Court documents include lists of thousands of names of people whose money has been seized, mostly in amounts ranging from $800 to $2,000. Investigators believe that many of the names are aliases for those in a small group of coyotes who receive the money in Phoenix.
These people pick up the money from Western Union and get it to their associates in southern Arizona or Mexico, documents state.
An April 2003 seizure warrant listed 142 names of people who received thousands of dollars in dozens of wire transfers in 2002, some of them collecting as much as from $400,000 to $883,000.
Assistant attorney general Cameron Holmes wrote that some of the "pickup" people work "in concert with agents of the money transmitter, Western Union."
Investigations in 2001 put two men out of business who owned check-cashing stores in Phoenix and Mesa that had Western Union affiliates, according to court documents.
In those cases, employees of the stores and even one of the owners, transferred money they knew was dirty or took bribes from undercover agents to either not file required reports on high dollar transactions or falsified them, according to documents.
Western Union did not return messages seeking comment, but Rietbroek said Western Union has cleaned up its act since New York fined it $8 million in 2003 for lax antimoney-laundering controls.
"Everybody’s watching them very, very closely," Rietbroek said.
Once money is seized, law enforcement officials take measures to make sure anyone who isn’t involved in illegal dealings gets his or her money back.
The attorney general set up a phone room staffed 24 hours a day, seven days a week with Spanish-speaking detectives who would determine whether people whose money was seized should get it back.
Sometimes an innocent person might have the same name as a targeted person and would get the money back immediately. Other people who got their money back would have to take extra steps to prove their identities.
According to court documents, people often hung up upon being questioned, and some even admitted the money was for coyotes.
The state also had a detective whose job it was to make sure that each person named received formal notice their money was being seized.
Many people used different addresses for each transaction and most attempts at service through certified mail were returned because the addresses didn’t exist or the named person didn’t live at the address.
Despite intentions to return money to innocent people caught in the operation, some people say that it happens anyway.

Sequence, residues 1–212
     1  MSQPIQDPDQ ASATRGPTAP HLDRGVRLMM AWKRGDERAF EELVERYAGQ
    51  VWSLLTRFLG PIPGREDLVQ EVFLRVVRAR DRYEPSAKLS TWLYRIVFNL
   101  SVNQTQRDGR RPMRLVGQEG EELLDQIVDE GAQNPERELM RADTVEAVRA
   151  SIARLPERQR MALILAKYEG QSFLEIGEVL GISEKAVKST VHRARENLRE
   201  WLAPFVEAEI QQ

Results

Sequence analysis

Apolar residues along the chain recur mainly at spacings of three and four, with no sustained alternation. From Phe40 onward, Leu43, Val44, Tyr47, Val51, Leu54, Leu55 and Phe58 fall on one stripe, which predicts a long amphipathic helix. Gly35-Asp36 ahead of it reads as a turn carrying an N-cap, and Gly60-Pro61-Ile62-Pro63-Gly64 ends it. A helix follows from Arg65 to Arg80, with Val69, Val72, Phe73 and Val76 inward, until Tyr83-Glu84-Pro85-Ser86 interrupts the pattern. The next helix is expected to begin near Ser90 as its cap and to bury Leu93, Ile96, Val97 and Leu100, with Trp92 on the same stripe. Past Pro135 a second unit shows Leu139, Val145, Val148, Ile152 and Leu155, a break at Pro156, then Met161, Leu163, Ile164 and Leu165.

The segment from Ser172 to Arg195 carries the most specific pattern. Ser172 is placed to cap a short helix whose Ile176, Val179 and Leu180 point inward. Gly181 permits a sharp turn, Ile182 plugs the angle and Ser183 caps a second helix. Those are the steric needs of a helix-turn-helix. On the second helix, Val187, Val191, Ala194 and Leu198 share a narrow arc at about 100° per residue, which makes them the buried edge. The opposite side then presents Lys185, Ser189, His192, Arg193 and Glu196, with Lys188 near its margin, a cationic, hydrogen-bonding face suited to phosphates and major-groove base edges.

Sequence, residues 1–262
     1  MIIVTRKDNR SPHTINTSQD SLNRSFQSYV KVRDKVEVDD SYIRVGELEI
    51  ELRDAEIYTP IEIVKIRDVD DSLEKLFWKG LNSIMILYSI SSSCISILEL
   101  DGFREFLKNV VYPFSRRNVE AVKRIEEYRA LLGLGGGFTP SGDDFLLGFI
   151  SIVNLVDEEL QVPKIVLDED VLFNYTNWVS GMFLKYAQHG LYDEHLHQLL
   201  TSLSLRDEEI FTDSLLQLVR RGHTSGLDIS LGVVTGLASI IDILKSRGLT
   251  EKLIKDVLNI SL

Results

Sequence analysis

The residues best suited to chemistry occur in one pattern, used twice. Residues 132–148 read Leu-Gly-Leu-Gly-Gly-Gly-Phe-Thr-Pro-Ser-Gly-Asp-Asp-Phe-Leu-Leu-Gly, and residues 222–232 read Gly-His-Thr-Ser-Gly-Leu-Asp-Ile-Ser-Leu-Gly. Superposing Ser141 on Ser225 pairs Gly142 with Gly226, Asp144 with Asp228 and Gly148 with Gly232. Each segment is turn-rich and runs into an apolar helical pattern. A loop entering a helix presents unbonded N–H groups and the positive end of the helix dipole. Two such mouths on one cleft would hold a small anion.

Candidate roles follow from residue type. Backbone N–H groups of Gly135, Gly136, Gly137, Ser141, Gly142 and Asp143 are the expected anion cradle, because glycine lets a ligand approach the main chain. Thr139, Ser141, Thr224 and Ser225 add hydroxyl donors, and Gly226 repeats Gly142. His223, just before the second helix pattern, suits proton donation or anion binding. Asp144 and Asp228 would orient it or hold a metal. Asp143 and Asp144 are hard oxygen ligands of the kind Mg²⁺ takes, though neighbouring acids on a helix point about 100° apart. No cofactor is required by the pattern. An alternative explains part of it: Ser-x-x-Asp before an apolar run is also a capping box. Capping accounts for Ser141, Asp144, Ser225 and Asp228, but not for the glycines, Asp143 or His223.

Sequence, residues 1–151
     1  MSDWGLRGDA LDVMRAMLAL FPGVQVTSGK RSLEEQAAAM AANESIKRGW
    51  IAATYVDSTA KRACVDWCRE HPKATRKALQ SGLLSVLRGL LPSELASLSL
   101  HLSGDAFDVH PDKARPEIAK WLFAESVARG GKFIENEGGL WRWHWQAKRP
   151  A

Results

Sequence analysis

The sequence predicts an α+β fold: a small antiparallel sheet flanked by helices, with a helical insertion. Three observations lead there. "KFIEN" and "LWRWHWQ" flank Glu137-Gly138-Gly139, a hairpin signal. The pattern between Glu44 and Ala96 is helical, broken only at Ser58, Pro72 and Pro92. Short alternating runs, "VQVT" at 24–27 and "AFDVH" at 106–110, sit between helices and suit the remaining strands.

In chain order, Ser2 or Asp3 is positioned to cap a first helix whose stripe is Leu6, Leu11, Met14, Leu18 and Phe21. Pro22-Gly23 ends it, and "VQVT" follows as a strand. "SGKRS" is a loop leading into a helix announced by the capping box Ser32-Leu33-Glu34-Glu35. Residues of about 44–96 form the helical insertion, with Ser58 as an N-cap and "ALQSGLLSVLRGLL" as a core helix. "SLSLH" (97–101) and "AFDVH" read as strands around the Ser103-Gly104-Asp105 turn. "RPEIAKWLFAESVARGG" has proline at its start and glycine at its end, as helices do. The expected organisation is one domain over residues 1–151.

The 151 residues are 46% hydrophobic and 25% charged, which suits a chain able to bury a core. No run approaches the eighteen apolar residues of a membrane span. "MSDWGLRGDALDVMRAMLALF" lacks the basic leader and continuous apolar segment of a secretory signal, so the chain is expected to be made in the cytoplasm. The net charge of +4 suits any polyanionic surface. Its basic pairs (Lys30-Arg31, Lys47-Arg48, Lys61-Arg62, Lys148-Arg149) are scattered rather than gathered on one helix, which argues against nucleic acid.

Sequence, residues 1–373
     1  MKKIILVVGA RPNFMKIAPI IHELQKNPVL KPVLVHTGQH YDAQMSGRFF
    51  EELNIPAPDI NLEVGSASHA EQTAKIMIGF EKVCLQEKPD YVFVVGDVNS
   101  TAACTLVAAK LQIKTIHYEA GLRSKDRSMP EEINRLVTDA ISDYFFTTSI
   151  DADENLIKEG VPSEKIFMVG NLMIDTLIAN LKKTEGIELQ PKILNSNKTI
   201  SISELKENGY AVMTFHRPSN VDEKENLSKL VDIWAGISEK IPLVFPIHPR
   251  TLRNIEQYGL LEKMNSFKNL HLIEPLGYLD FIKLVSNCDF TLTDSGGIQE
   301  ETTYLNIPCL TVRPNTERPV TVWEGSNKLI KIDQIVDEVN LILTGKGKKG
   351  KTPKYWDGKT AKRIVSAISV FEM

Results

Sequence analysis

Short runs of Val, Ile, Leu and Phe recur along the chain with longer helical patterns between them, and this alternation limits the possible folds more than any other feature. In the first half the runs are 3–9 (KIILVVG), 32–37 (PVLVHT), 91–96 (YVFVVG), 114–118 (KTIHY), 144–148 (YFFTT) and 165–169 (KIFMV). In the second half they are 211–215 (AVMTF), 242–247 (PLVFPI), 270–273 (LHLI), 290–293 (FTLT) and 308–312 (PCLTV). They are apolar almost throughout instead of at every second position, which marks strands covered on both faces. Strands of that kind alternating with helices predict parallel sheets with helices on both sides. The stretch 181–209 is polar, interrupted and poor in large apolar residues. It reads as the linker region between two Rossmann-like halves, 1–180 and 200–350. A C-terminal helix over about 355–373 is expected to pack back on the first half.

Elias Bermudez, director of Centro de Ayuda, an immigrant advocacy organization in Phoenix, said he’s taken about four people to see agents to get their money back, but they lost it anyway.
"They grill them like they’re criminals," Bermudez said. "We’re turning like Mexico."
Monika Sud-Devaraj, an immigration attorney, said she has had several consultations from people who claimed their money was wrongfully seized, but they couldn’t pay for her services.
And there is Marco A. Contreras, a 48-year-old legal assistant for an immigration attorney, who said a few Western Union wires of money to him from families of jailed illegal immigrants, including one for $8,000 a few years ago, were seized.
Contreras said the money was for bail for the immigrants and for his legal services, and since he didn’t get the money, he couldn’t help the clients.
The wired money also prompted an investigator to question Contreras and his boss, attorney Christopher Stender, but he departed after presumably being satisfied with their explanation.
Of the thousands of people named in forfeiture cases reviewed by the Tribune, only Sandra Sousa of Tucson had a lawyer attempt to get her money back.
The state seized the $950 she borrowed from a friend to send to Mexico for her sick mother-in-law, but all it took was to fax the attorney general a copy of loan paperwork to have the money released, attorney Dan Montgomery said.
Montgomery said he helped Sousa as a favor to a friend, and she probably wouldn’t have been able to afford his services.
Defense attorney Marty Lieberman, who has represented clients in civil forfeitures for 20 years, said a person whose few thousand dollars was wrongfully seized probably would take the loss because civil forfeiture laws are complicated and it is not cost effective to hire a lawyer.
The money that is seized goes into the state’s Anti-Racketeering Revolving Fund and later divvied up among agencies that were part of the investigation in which the seizure took place.
Money used to smuggle illegals into the United States is usually sent via electronic transfers to coyotes, or people smugglers.
Estimated annual $320 Phoenix amount wired area coyotes to million
in Western Arizona Union as of branches Jan. 2004 1,500
substantial Weekly take coyote for a $40,000
smuggling Average fee from for Mexico $1,600
Average fee for smuggling from $6,400 south of Mexico
SOURCES: Arizona Attorney General; Bureau of Immigration and Customs Enforcement; Maricopa County Superior Court records